A Meditation for Ash Wednesday

MaryAnn McKibben Dana
Idylwood Presbyterian Church
March 9, 2011
Ash Wednesday
Isaiah 64:1-7

O that you would tear open the heavens and come down,
so that the mountains would quake at your presence—
2 *as when fire kindles brushwood and the fire causes water to boil—
to make your name known to your adversaries,
so that the nations might tremble at your presence!
3 When you did awesome deeds that we did not expect,
you came down, the mountains quaked at your presence.
4 From ages past no one has heard, no ear has perceived,
no eye has seen any God besides you, who works for those who wait for him.
5 You meet those who gladly do right, those who remember you in your ways.
But you were angry, and we sinned;  because you hid yourself we transgressed.
6 We have all become like one who is unclean,   and all our righteous deeds are like a filthy cloth.
We all fade like a leaf,   and our iniquities, like the wind, take us away.
7 There is no one who calls on your name, or attempts to take hold of you;
for you have hidden your face from us,
and have delivered* us into the hand of our iniquity.

———-

Last week, as I was walking with Caroline to the bus, I heard something that I hadn’t heard for several months. It was a shaking sound, like the rhythm instruments my children like to make, homemade rain sticks made with paper towel tubes and rice and coiled up pieces of aluminum foil.

I looked up, and saw the source of the noise. It was a tree full of leaves that were rustling in the wind. These leaves were dry, brown, shriveled—a remnant from last fall, but there they were, still clinging to the trees, fluttering, ludicrously enough, in the breezes… of spring.

It was so incongruous. So foreign to my auditory experience of early March. All around me were bare trees—in fact, those trees are starting to bud! And yet here is this one tree, still clinging to the leaves from two seasons ago—in effect clinging to its past self.

Now surely there is a horticultural explanation for this.
Maybe certain species of trees do this.
Maybe there was a quirk of the weather during its normal leaf-dropping phase and it just didn’t follow the program.
Or maybe this is a very unhealthy tree.
I’m sure one of our master gardeners will set me straight after the service!

But of course, I looked at this tree with an eye of faith, and a wondering about what the Spirit might be up to here.

Today is the first day of Lent, but because the season of Epiphany was such a long one this year, we are here on Ash Wednesday with just 12 days until spring begins. And if you are like me, you are ready for spring, practically on a cellular level! You are ready for daffodils and crocuses and tulips and color and growth. And I’m ready to see what that tree does with all its brown leaves. I’m fairly certain that those are going to have to go before the new buds can form.

But maybe like that tree, we are still clinging to the debris from the past, and maybe in this season we are called to discard that debris, so that there can be new growth. Otherwise spring will come and spring will go, and more to the point, Lent will come and Easter will go and we will still be hugging tightly to stuff from two seasons past.

Our text today is one of contrasts. Isaiah contrasts the greatness of God with our own iniquity, our own sin. God is associated with mountains and power and fire and the torn curtain of heaven. And we? We are associated with forgetfulness and faithlessness and sin and insignificance.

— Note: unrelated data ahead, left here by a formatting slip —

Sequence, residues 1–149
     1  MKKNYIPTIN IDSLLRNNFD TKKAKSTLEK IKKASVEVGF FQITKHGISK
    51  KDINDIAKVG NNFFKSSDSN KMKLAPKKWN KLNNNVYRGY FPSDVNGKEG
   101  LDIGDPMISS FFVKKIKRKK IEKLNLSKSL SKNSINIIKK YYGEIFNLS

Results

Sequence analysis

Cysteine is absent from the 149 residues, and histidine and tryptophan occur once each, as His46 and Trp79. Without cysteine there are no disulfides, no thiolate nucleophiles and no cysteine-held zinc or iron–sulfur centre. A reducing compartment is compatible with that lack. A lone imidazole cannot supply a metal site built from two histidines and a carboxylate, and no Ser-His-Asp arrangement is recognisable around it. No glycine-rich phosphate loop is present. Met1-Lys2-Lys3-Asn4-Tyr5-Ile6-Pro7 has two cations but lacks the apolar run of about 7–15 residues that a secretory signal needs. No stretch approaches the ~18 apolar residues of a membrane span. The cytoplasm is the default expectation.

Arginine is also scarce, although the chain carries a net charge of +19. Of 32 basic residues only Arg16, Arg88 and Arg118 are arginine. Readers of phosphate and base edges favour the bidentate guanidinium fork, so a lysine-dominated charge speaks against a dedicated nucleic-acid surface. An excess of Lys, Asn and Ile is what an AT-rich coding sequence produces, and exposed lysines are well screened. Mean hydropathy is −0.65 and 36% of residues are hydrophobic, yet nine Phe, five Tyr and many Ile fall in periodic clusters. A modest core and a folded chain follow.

“We all fade like a leaf, and our iniquities, like the wind, take us away.”

We want to hold on to what is comfortable, or what is familiar, or those things that make us feel important, or those things that we think will preserve our lives… but those things crumble like a dry leaf in our hands.

We sit in this sanctuary tonight wearing the mark of the cross on our foreheads. The ashes that we bear come from palm leaves from last year’s Palm Sunday celebration. These ashes come from the leaf that has faded, crumbled, been burned…

We are reminded that we are dust, and to dust we shall return. We are a dry leaf that flutters away. It’s not a message we like to hear. It’s not exactly the stuff of Oprah Magazine. But it’s the deep dark truth—our lives are finite. And if we needed a reminder of this grim, precious truth, we need only watch today’s news and think about the couple in rural Pennsylvania who lost seven of their eight children in a fire that consumed their home.

Rubble.
Ash.
Complete devastation.

We all fade like a leaf, and the wind takes us away.

* * *

Many of us, after we’ve gone home and wiped off the ash, take up a practice to try to keep Lent before us. We may give something up during this season—I spoke to people today who are giving up caffeine, or who are fasting from the midday meal, and so forth.

Others like to take on something new during Lent. I encourage people to read a psalm a day, or make their way through one of the gospels, or practice a random act of kindness. I spoke to a pastor today who is going to be more intentional about physical exercise and self-care. (Although, as some church members pointed out, taking something on involves giving something else up—perhaps it’s an extra 15 minutes of sleep each morning to get up and read!)

I think all of those things can be faithful Lenten disciplines to the extend that they point us to God. Whenever you think about that grande mocha with double whip, it can serve as a reminder to stop, take a breath, and pray. Daily exercise becomes about more than personal improvement, it becomes about stewardship of this precious gift of life that God has given to us. These practices can be like the string around our finger that reminds us of God’s presence in our lives.

But this year, I’m feeling a different kind of nudge. The fact is, I see myself in that tree. Instead of taking something on, or even giving something up, let’s think about letting something go. I think that is the true work of Lent. That’s the work of repentance. That’s the way we die to what’s old and outdated and small and dull.